• jb, it's just as important to not ignore these studies, or avoid researching these aspects. To be fair, the study doesn't actually show anything surprising. It says that if something is distracting you or taking up mental resources, then that will hamper mental performance. In this case, the "something" happens to be racial prejudices. What I should be surprised by (but am not == cynic), is that these scientists are playing this, as if race discrimination, uniquely affects mental performance.
  • Yes, this article is somewhat specious, tending to phrenology I think. But as Gyan says, facts can't be ignored. The important thing is what useful things we can get from them without making outlandish assumptions about the results or test subjects. We all have all kind of prejudices and, the older they are, the difficult it is for us too get rid of them. Still we can consciously try to not get driven by them. I tend to appreciate more the people that make an effort to be nice and fair than those for whom it takes no effort at all.
  • I assume whats being noticed here is just that these people are ill at ease. I expect its impossible to work out whether its due to racism, or shyness, or any of a million other reasons why you don't feel comfortable talking to people.
  • Actually, what is being studied is how quickly/easily people match up positive concepts with names normally considered "white" as opposed to those which are popular among black Americans. Similar studies have used photographs. Yes, I agree, Gyan, that studying stereotypes is very important - I have a friend working in that area in fact (who always has great experiment stories to tell). I guess my reaction from more from a "now what?" perspective, partly because in my field, issues like race (and class, and gender) are often studied, but few answers produced. I wonder if the ways scholars approach these issues are sometimes narrow. What would it mean, for instance, to match a photograph of a black American with a name like Greg? Would this change the effect? How much do cultural differences and stereotypes play in, rather than simply skin colour? What about other non-white minorities? Immigrants with accents? (It is towards those with strong accents or poor English that I have seen the most active discrimination in Toronto). I also wonder how race issues are constructed outside of the US, as this is a very unique society. Sometimes I think they are overplayed here (as opposed to class issues), but they are certainly underplayed elsewhere, as in Canada.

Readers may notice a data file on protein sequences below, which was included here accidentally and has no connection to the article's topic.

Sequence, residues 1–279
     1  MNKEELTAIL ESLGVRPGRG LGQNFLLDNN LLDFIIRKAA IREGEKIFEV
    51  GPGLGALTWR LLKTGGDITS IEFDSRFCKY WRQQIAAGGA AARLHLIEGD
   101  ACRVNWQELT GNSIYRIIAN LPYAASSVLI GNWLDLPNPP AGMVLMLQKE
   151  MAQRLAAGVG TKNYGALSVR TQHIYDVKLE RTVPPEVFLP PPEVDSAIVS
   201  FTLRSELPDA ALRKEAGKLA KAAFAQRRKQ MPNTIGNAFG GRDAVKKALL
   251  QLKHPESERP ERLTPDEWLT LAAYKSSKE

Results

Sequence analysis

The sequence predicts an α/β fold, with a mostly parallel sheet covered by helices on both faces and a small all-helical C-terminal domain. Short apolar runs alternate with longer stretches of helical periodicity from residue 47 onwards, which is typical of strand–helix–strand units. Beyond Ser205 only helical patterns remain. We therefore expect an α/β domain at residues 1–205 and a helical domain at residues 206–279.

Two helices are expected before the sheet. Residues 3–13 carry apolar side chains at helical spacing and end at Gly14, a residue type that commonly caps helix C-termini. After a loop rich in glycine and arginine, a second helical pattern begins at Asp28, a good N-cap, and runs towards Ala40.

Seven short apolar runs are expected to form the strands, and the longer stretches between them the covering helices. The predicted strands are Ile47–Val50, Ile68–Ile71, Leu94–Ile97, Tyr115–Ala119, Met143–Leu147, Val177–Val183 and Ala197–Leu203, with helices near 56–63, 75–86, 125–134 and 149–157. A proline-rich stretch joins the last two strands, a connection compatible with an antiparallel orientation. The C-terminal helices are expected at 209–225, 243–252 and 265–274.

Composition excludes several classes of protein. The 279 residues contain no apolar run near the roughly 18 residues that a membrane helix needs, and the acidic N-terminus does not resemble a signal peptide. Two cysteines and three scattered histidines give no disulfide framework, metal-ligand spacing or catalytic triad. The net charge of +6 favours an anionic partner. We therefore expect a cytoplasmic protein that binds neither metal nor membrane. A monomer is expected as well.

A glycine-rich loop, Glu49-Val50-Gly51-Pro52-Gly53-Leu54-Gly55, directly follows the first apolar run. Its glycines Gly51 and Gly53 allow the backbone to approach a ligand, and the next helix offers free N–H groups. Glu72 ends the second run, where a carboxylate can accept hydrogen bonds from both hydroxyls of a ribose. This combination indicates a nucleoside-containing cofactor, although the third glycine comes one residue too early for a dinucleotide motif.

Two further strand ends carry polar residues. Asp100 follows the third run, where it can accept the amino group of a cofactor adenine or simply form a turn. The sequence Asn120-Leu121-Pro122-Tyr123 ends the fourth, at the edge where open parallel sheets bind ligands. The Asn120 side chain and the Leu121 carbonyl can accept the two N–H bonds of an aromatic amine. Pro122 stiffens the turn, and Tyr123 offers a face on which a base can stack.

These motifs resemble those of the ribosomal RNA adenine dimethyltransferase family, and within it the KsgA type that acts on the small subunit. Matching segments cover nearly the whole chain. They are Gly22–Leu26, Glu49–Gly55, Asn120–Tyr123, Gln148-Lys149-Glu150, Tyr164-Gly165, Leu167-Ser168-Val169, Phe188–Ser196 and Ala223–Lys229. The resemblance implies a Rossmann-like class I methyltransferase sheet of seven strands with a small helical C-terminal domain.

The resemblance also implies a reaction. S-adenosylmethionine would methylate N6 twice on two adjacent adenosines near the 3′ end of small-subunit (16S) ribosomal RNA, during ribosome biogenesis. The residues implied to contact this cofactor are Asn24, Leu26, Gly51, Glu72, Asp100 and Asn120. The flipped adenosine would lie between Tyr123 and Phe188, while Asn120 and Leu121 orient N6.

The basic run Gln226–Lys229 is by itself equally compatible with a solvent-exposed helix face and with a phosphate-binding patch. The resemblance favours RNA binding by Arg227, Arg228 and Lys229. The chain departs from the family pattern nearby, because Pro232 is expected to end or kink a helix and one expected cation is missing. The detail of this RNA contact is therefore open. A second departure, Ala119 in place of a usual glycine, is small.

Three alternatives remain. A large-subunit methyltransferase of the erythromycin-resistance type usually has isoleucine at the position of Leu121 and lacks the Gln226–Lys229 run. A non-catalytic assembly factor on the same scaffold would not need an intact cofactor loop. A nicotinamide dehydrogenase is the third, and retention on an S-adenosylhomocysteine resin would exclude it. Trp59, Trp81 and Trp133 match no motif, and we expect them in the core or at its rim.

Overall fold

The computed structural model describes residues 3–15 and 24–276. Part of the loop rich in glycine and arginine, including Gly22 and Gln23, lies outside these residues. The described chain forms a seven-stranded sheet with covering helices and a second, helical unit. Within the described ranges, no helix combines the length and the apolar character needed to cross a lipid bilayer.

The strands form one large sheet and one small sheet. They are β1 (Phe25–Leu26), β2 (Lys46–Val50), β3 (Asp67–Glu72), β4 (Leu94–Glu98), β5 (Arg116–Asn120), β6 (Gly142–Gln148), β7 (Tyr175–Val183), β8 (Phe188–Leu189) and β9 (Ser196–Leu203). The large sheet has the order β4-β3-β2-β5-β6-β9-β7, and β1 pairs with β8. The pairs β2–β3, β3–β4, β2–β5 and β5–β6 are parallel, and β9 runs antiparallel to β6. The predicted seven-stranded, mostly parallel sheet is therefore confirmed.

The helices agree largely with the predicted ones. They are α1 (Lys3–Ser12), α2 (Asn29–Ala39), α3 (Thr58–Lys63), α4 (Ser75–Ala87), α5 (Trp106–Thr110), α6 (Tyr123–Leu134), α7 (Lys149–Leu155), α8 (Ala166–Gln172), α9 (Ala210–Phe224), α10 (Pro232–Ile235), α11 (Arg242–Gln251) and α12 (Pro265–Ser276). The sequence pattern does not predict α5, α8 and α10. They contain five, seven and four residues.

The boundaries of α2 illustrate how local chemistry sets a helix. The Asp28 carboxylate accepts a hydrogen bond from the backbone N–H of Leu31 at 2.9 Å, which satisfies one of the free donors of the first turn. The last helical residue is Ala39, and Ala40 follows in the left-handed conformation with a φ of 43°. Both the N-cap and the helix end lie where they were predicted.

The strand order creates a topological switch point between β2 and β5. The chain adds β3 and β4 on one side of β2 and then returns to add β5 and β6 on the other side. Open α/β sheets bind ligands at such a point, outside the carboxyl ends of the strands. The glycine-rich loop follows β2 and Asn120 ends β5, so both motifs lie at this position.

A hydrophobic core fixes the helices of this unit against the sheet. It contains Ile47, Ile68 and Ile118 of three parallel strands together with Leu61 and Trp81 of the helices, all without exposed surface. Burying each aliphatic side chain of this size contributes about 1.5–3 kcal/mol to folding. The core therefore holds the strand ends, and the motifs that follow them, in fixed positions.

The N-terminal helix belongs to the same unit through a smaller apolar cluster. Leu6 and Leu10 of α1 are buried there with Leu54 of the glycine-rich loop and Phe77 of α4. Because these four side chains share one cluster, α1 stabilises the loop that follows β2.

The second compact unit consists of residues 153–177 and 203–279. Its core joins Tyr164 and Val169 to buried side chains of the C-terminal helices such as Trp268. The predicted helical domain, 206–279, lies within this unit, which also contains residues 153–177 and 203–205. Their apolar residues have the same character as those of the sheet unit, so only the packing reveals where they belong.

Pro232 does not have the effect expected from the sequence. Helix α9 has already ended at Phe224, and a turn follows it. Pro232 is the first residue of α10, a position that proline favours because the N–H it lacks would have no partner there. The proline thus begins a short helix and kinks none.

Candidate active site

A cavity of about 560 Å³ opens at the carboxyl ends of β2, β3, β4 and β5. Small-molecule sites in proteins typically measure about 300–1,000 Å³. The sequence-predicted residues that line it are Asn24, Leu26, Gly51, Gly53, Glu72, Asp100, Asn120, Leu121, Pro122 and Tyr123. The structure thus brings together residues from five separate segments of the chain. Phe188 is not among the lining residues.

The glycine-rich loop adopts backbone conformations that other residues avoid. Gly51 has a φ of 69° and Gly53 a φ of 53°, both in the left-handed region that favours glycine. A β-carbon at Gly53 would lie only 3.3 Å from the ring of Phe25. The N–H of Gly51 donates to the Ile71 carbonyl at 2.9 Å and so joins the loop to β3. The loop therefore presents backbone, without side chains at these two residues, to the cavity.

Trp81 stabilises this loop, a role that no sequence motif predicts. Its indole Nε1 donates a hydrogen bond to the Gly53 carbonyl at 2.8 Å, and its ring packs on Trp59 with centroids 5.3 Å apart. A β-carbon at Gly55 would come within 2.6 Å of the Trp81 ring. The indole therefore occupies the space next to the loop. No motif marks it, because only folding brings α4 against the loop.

• It is towards those with strong accents or poor English that I have seen the most active discrimination in Toronto That's my impression too. I'm Chinese Torontonian Canadian with a heavy accent. No one in Toronto has ever shown me the slightest hint of discrimination before I speak. Accent is a different issue from race though.